BIRRELL, JOHN, merchant and entrepreneur; b. 6 April 1815, at Lerwick, Shetland Islands, son of Ralph Birrell and Eliza Thompson; d. 12 Feb. 1875, at London, Ont.
John Birrell was raised at Lerwick and at Oban, Argyllshire, where his father was stationed as collector of excise. He was trained in business and worked as a clerk in Glasgow until about 1835 when he emigrated to Montreal. He then moved to Hamilton, where he worked for Isaac Buchanan and Company, and finally settled in London around 1840. There he formed a partnership, Angus and Birrell, which lasted three years. In 1845 Birrell established a new partnership with Adam Hope* – Hope, Birrell and Company – which operated stores selling hardware, groceries, and dry goods. In 1851 this partnership was amicably dissolved, Birrell taking the dry goods as John Birrell and Company. In spite of a fire in 1863, he developed a flourishing wholesale dry goods business with his own extensive warehouses. Stock was imported from England, France, Germany, and the United States, partly through the firm of Isaac Buchanan*, and sold over a territory that included Sarnia, Goderich, Stratford, and St Thomas. He also acquired John McMechan’s boot and shoe store. In 1876 his business was valued at between $100,000 and $150,000. He was described as “a man who watched his business very carefully and pushed ahead, his trade expanding as the country settled up.”
Birrell was prominent in the transformation of London into a railway and financial centre. He was a director of the London and Port Stanley Railway and later became president of the London, Huron, and Bruce Railway (1871–75), playing a leading part in its financing and construction, although he did not live to see the line completed. In addition, Birrell was an incorporator of the Board of Trade in 1857, a member of its council (1857–62), and a director of the Isolated Risk Insurance Company. In 1862 he became vice-president of the new London Permanent Building Society, which in 1865 amalgamated with the Huron and Erie Savings and Loan Society (now the Huron and Erie Mortgage Corporation). In 1864 Birrell chaired the inaugural meeting of the Huron and Erie, was elected a director, and served as president from 1871 until his death.
In politics Birrell was a Conservative and, though he refused to run for election himself, was president of the local organization from at least 1873. A Presbyterian, he was an active member of St Andrew’s Church, sat on various boards, and donated liberally to the building fund. Birrell’s suburban residence, “Beechwood” (built in 1854 and still standing in 1971), was one of the first estates in Westminster Township (South London). He was a popular figure in the city and an obituary stated that “he probably had not an enemy.”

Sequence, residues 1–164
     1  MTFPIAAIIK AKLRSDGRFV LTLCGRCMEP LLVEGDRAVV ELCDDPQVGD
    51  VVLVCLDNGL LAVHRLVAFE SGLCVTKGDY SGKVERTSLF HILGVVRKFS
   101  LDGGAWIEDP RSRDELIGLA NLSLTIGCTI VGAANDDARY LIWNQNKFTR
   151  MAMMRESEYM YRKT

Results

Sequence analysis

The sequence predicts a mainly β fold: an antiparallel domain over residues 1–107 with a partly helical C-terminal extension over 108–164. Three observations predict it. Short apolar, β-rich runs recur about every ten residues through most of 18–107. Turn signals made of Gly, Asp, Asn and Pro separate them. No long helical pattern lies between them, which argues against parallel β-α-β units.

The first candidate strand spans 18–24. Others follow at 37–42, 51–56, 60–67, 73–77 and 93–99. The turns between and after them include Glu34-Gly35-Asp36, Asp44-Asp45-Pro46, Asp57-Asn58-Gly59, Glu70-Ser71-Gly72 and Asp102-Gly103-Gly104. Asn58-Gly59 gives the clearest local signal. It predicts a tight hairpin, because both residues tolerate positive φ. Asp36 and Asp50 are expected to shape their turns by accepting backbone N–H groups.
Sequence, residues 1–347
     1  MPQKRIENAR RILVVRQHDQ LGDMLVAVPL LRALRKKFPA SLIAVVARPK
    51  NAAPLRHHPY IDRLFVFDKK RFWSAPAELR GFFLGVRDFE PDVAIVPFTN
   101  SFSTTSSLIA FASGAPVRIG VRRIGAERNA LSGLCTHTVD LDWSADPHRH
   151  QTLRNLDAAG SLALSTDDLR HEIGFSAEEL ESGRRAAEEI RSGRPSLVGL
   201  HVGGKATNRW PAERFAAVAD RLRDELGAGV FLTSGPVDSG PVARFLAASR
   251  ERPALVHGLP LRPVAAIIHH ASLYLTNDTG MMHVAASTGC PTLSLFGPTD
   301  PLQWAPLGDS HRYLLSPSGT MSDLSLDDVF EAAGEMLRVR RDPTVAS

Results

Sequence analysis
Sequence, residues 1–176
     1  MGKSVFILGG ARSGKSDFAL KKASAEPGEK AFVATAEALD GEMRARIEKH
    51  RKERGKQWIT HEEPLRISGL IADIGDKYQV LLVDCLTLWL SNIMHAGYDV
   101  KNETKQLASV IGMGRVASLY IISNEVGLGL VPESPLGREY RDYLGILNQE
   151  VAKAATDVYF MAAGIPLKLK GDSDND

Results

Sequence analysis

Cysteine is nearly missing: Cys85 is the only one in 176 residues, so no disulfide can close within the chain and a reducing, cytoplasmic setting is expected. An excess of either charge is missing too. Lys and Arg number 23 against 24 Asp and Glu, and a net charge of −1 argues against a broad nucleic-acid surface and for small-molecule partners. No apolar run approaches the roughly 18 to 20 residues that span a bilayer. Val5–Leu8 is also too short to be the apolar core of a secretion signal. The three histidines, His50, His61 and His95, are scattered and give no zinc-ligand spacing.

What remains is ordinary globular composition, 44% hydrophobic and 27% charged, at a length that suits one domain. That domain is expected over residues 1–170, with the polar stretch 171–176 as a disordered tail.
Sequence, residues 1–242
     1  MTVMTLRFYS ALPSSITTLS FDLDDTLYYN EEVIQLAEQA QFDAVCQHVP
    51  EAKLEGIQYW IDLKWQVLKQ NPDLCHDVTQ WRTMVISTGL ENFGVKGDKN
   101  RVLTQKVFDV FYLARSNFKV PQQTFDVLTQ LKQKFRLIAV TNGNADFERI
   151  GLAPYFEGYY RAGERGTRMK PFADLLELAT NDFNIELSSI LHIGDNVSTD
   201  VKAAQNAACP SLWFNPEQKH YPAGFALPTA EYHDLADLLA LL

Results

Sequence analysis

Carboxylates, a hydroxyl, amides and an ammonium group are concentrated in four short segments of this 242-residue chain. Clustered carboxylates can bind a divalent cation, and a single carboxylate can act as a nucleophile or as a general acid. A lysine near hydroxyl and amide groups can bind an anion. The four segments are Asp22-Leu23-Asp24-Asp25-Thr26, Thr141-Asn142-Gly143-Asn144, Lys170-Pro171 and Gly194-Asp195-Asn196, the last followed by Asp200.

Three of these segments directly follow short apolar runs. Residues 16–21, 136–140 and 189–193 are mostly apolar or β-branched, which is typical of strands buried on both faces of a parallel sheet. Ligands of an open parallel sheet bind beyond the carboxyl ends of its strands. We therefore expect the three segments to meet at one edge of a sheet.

Before he left Hamilton, Birrell married Maria Louisa Sunley (1822–91), a native of England; they had ten children. A son, George Sunley Birrell (1842–1926), was a leading businessman in London, an alderman, and a president of the Board of Trade. Under his management the value of the family firm increased to between $200,000 and $300,000 by 1888. In 1891 he sold out, moved to New York City, and became a real estate agent. A daughter Elizabeth married Charles Smith Hyman*, son of Ellis Walton Hyman.
Middlesex County Registry Office (London, Ont.), Register of partnerships, Liber A (1870–85), no.14. PAC, RG 30, 401–2. Bradstreet’s reports of the Dominion of Canada, February 1, 1876 (New York, 1876), 243, 247. London Advertiser, 12, 13, 15 Feb. 1875. London Free Press, 12, 13, 16 Feb. 1875; 16 Feb. 1891. Can. biog. dict., I, 270–72. Cyclopædia of Can. biog. (Rose, 1886), 521–22. [Archie Bremner], City of London, Ontario, Canada; the pioneer period and the London of today (2nd ed., London, Ont., 1900), 92, 104, 108–9, 129. C. T. Campbell, Pioneer days in London: some account of men and things in London before it became a city (London, Ont., 1921), 93–94. History of the county of Middlesex, 371, 378, 387.